Total automotive-related employment has grown by 17 per cent since the start of the decade, driven in large part by surging sales, longer-lasting vehicles and Canadian vehicle ownership reaching record levels.
According to data supplied by DesRosiers Automotive Consultants Inc., 823,052 Canadians were employed in auto-related jobs in 2018, ranging from dealerships and aftermarket companies, to assembly plants and suppliers.
That compares with 703,451 in 2010, when the industry and the economy as a whole were just beginning to emerge from the 2008-09 economic collapse.
The rise in employment comes amid uncertainty over the future of Canadian auto production, which has fallen 25 per cent, according to Ontario government data.
Jobs at dealerships, for instance, rose 20 per cent since 2010 to 159,045, while aftermarket jobs jumped 17 per cent to 407,253.
“The politics in any country tend to — from an automotive perspective, anyway — only look at manufacturing,” said Dennis DesRosiers, president of DesRosiers Automotive Consultants. “And the theory behind that is that manufacturing is mobile and when you lose it, it’s gone. Whereas the nonmanufacturing side, if a dealer on one side of Toronto closes, another one opens up across the street. It’s technically net-neutral in the country.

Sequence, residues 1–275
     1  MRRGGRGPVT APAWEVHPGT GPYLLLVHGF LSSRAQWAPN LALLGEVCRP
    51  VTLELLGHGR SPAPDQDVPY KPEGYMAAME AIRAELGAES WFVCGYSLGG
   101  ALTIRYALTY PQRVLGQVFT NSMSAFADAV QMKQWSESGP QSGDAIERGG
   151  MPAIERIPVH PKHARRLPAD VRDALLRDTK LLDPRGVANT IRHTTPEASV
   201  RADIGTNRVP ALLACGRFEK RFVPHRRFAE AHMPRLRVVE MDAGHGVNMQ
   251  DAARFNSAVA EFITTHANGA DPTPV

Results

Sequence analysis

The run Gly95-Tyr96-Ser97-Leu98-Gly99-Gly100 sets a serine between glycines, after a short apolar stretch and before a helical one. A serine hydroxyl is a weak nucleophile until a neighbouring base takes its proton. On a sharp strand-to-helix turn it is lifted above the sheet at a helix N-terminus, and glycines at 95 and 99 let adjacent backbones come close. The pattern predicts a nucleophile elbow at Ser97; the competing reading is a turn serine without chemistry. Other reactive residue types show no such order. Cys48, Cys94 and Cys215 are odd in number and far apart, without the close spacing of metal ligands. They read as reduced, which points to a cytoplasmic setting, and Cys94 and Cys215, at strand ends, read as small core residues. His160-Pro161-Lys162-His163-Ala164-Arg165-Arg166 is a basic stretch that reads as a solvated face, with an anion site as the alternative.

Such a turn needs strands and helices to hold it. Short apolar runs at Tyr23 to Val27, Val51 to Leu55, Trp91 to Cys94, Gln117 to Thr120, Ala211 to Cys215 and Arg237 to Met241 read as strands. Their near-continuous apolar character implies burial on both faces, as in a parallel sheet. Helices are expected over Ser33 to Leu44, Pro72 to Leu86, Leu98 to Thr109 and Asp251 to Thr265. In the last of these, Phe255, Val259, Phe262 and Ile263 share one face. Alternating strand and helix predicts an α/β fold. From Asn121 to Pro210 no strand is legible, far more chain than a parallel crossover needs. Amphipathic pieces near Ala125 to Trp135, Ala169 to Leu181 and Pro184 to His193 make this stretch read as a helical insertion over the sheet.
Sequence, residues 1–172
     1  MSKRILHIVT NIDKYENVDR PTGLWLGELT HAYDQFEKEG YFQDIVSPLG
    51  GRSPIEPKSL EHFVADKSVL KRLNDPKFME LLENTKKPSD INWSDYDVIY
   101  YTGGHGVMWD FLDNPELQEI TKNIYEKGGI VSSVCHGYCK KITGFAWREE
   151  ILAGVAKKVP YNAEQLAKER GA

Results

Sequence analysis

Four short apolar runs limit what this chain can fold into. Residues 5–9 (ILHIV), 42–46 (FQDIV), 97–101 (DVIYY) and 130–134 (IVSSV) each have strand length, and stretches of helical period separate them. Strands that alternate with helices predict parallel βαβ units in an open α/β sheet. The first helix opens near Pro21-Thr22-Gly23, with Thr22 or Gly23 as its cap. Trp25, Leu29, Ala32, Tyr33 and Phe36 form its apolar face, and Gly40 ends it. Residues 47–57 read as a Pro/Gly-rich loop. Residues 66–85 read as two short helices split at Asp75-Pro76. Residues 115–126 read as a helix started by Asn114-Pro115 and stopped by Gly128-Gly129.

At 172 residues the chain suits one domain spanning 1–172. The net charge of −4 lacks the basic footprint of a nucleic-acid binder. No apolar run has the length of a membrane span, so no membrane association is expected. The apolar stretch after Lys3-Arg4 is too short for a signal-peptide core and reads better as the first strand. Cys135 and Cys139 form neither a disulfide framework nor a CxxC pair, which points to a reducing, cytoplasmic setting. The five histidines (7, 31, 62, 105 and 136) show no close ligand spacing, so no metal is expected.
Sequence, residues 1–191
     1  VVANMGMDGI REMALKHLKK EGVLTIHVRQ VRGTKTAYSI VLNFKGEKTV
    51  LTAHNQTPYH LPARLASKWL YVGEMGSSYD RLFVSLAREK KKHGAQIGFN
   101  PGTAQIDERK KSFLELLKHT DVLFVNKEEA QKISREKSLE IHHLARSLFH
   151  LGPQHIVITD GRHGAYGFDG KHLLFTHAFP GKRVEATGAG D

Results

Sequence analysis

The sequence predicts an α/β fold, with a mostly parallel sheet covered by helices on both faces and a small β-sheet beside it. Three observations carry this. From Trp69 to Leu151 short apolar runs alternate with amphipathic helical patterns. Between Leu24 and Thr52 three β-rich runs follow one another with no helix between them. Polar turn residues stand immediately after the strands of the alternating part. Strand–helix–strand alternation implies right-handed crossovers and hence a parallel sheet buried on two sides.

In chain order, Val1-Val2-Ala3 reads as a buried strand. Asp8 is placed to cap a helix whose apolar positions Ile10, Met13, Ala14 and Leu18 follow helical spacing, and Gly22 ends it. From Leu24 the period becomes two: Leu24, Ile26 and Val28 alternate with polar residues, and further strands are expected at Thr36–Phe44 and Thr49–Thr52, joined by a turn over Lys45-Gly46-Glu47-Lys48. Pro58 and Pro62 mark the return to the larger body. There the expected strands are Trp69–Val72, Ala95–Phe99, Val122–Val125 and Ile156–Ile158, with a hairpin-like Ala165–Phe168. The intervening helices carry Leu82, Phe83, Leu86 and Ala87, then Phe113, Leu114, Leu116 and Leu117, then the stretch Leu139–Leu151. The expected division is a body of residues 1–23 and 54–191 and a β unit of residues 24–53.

“So I understand the politics of it. It’s bad to lose manufacturing because it has a negative impact on jobs.”
Unifor, the union representing about 4,500 General Motors and FCA workers who will be out of a job come the end of 2019, has been critical of the Canadian and Ontario governments for not doing more to, at the very least, keep manufacturing jobs in Ontario.
“But when you actually look at the numbers, the nonmanufacturing jobs in the automotive sector far outweigh the manufacturing jobs,” DesRosiers said.
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There were 44,030 automotive assembly jobs in Canada in 2018, up 18 per cent since 2010. That compares with 665,502 nonmanufacturing jobs in 2018.
The 16-per-cent rise in nonmanufacturing automotive jobs can be attributed in large part to increased vehicle ownership, DesRosiers said. Ownership rates are in the “mid-80-per-cent range,” compared with about two-thirds of Canadians owning vehicles at the turn of the century, he said.
“Imagine how much extra economic activity that is: Selling them, fixing them, transporting them and the implications on the used-car market as well,” DesRosiers said.
Improved vehicle technology has put more buyers in the market. At the same time, he said, vehicles are lasting longer, putting more consumers in the used market.
“Vehicle companies have invested billions and billions of dollars into improving the quality of the vehicle,” DesRosiers said. “Vehicles last a long time, so the older ones become affordable and reachable by a lot of consumers that couldn’t afford a new one or younger used one [in the past].”